The Spark

“The emancipation of the working class will only be achieved by the working class itself.” — Karl Marx

South Africa:
An Angry Working Class on Strike

Sep 27, 2010

The World Cup marked a short truce in the wave of strikes that have been occurring in South Africa since the beginning of the year. In the first half of the year, workers had struck in electricity, construction and at Transnet, the national transport company, paralyzing the railroads and ports for three weeks.

After the World Cup

This strike wave resumed at the beginning of August, with 30,000 workers going on strike in several auto factories. Production was paralyzed for 12 days, forcing the companies to give an additional 10% in wages, and the hiring of workers in temporary jobs under contractors, giving them the health and pension benefits of permanent workers.

The National Union of Metal Workers of South Africa (NUMSA) again went on the offensive at the end of August, with a strike at the tire factories, stopping all production. At the same time, the National Union of Miners (NUM) called out many miners on strike over wages.

An August 18th strike among government workers brought out 1.3 million workers of the central and provincial governments. The largest number worked in health and education.

Health care workers walked pickets in front of hospitals, facing attacks first by police and then by soldiers accompanied by tanks.

Strikers’ Anger and Maneuvers by the Union Apparatuses

Union leaders wanted to keep the strikes within “acceptable” limits, to advance their interests among leading layers of the regime. To that end, they put pressure on South African President Jacob Zuma to support their strikes. They openly pointed out that Zuma’s political success was due to union support.

But strikers’ anger was directed not only at the worsening of their living conditions. They were also outraged by ANC politicians, whose only purpose seemed to be getting rich as fast as their positions in power would allow, while the vast majority of the poor population is squeezed into tiny hovels, sometimes worse than what they had under apartheid. For the majority, there is no government aid, there are no social protections.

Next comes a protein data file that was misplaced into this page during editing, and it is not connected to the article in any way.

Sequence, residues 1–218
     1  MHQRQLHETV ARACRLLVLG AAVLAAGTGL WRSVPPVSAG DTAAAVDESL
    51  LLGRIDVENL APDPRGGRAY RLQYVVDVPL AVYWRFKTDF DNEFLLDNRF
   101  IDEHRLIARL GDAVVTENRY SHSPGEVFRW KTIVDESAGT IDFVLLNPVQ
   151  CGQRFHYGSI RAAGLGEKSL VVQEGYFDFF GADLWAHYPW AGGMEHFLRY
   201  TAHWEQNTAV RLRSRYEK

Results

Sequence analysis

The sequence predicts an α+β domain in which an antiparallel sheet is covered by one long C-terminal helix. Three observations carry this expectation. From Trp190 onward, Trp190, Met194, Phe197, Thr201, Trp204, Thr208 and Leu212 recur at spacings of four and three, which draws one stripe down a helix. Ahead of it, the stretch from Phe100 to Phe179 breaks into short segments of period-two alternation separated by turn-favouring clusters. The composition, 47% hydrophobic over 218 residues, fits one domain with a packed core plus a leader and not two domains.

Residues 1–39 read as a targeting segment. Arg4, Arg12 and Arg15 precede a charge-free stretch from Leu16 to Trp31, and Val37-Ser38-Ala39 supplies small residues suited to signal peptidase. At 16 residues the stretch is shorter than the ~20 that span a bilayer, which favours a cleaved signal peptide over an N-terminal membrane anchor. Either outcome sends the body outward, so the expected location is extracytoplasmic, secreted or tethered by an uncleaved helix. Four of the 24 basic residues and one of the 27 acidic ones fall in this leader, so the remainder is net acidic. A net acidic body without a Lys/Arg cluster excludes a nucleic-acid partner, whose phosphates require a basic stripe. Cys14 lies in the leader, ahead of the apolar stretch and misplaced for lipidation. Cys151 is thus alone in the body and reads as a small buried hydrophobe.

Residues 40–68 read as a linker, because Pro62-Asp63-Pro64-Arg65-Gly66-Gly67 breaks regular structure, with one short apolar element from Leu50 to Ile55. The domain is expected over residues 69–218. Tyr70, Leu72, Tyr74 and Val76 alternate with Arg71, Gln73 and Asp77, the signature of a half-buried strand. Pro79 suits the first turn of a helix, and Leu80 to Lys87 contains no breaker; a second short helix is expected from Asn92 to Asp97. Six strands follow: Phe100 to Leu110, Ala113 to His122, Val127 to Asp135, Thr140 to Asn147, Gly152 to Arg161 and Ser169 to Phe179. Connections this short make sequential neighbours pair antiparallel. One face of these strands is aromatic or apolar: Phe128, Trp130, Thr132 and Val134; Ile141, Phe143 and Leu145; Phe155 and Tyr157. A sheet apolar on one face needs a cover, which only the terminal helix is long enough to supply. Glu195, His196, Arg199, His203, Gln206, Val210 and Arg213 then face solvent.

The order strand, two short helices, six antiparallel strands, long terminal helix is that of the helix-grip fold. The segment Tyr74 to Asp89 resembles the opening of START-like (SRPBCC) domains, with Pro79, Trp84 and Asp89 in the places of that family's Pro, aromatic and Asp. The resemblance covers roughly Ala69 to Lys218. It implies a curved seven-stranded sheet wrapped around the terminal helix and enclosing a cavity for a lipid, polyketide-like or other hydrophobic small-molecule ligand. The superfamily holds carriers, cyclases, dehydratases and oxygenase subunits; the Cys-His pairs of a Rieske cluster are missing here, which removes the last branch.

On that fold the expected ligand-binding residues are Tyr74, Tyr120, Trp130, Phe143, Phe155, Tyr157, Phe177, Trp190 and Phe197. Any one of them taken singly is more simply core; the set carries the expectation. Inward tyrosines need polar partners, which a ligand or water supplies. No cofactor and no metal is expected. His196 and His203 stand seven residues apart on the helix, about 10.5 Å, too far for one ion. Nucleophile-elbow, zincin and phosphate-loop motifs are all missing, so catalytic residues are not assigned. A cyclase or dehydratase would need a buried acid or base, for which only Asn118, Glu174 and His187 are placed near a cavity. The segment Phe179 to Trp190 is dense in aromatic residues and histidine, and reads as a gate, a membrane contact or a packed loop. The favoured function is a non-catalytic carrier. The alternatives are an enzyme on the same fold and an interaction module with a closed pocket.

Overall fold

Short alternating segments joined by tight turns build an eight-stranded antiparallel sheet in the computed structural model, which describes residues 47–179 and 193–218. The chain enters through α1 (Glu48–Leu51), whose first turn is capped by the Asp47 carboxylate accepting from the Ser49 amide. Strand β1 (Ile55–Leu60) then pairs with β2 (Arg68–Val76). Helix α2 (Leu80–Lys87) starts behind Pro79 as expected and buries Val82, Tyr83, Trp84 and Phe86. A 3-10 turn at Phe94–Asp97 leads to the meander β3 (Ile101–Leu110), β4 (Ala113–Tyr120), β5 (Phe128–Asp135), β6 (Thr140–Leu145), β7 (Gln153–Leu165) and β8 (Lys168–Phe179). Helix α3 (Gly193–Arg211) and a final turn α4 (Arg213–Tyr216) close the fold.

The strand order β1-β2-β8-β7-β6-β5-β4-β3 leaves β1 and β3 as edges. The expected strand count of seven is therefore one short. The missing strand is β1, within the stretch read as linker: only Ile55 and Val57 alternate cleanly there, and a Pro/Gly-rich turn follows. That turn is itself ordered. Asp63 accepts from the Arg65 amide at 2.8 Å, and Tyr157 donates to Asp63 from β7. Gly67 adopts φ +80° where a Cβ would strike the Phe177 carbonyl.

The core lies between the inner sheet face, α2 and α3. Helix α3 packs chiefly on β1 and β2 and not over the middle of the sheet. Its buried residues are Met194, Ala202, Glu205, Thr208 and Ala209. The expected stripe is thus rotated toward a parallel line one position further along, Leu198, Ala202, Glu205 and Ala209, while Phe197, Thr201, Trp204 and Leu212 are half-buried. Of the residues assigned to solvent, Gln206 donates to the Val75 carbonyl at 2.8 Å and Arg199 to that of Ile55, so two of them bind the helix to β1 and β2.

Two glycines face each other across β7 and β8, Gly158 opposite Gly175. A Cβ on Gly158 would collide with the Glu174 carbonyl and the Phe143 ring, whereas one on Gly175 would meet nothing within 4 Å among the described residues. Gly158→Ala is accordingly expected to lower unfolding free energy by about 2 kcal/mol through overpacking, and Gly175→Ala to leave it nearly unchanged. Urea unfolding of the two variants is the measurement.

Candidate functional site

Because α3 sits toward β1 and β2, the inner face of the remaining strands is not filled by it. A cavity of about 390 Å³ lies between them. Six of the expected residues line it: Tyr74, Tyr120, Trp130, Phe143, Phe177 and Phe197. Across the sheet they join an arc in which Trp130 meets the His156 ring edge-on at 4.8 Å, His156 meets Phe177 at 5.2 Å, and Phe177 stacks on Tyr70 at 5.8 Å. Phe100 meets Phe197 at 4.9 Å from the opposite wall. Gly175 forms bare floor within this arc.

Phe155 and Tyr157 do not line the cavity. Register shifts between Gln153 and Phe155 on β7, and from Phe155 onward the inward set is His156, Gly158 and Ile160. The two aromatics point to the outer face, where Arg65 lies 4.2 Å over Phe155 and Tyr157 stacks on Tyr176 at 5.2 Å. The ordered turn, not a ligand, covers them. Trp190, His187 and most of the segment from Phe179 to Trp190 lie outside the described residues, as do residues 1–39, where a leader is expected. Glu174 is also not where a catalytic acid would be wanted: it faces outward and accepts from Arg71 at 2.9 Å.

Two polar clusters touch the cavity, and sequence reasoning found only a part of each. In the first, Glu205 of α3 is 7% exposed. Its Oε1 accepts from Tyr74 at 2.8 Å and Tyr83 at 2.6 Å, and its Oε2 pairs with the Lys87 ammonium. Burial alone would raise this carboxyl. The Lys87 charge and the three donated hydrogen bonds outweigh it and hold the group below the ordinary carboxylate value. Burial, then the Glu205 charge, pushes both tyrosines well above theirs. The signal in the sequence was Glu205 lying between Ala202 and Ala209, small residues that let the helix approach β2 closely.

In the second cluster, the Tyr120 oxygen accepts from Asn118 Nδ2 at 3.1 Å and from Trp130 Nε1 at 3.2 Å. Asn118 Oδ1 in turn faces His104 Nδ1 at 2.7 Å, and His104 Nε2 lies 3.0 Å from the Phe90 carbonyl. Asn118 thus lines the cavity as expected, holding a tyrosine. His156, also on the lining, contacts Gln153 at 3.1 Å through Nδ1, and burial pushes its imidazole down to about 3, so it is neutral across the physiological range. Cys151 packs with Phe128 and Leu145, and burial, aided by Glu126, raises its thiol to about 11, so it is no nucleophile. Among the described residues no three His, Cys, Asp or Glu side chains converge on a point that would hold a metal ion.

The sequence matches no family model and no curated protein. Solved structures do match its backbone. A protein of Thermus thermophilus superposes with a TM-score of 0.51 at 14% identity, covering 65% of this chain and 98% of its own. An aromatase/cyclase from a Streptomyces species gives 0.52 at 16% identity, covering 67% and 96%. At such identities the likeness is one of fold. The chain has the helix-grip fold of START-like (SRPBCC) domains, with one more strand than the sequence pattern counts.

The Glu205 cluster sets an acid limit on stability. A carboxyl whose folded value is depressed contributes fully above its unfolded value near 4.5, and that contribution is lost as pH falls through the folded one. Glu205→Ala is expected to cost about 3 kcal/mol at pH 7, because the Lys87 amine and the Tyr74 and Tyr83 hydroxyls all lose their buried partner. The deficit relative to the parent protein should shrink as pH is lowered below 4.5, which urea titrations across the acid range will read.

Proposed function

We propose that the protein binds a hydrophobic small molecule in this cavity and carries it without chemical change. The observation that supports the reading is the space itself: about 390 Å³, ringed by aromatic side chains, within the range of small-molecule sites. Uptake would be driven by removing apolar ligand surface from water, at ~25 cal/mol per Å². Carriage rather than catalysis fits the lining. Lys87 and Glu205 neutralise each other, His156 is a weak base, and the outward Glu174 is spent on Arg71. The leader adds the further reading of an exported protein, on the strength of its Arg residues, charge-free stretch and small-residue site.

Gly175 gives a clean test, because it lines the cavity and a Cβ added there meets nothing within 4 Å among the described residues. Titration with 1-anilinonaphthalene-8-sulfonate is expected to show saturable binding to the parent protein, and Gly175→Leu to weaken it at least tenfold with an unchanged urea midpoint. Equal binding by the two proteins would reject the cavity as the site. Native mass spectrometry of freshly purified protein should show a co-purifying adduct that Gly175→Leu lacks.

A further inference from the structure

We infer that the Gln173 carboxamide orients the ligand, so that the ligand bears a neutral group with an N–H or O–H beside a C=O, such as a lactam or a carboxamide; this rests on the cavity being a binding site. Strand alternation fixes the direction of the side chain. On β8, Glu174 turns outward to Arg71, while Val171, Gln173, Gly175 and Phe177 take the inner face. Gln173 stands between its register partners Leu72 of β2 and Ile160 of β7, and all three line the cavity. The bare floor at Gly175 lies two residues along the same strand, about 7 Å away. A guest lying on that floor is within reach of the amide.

In some demonstrations, strikers held up posters condemning the millionaire politicians and denouncing the waste of billions of dollars to build World Cup stadiums.

On September 7th, after three weeks on strike, the union leaders called for a return to work on the basis of an agreement which will give the strikers a 7.5% increase in pay and a $106 per month housing premium. Not all strikers agreed with these increases, as seen at the mass meetings of militant teachers in the Johannesburg province, where the union leaders were booed and had to flee.

Provincial authorities tried to end the strikes by offering to pay for part of the time workers were on strike.

Union leaders, despite all the angry workers, proposed to “suspend” the strike movement for three weeks in order to start new negotiations.

Workers gave their answer – 70,000 auto parts workers joined the tire workers on strike. Several thousand gas station workers went on strike as well. New strikes broke out in the mines, increasing the number of paralyzed mines to a dozen.

Will union leaders be able to contain or maneuver around the strikers? Will the ANC politicians find a way to defuse workers’ anger?

What we can say is that rising poverty for the majority, contrasting to the greed of the black bourgeoisie in its guise as the ANC in power, will furnish all the ingredients of a social powder keg awaiting explosion.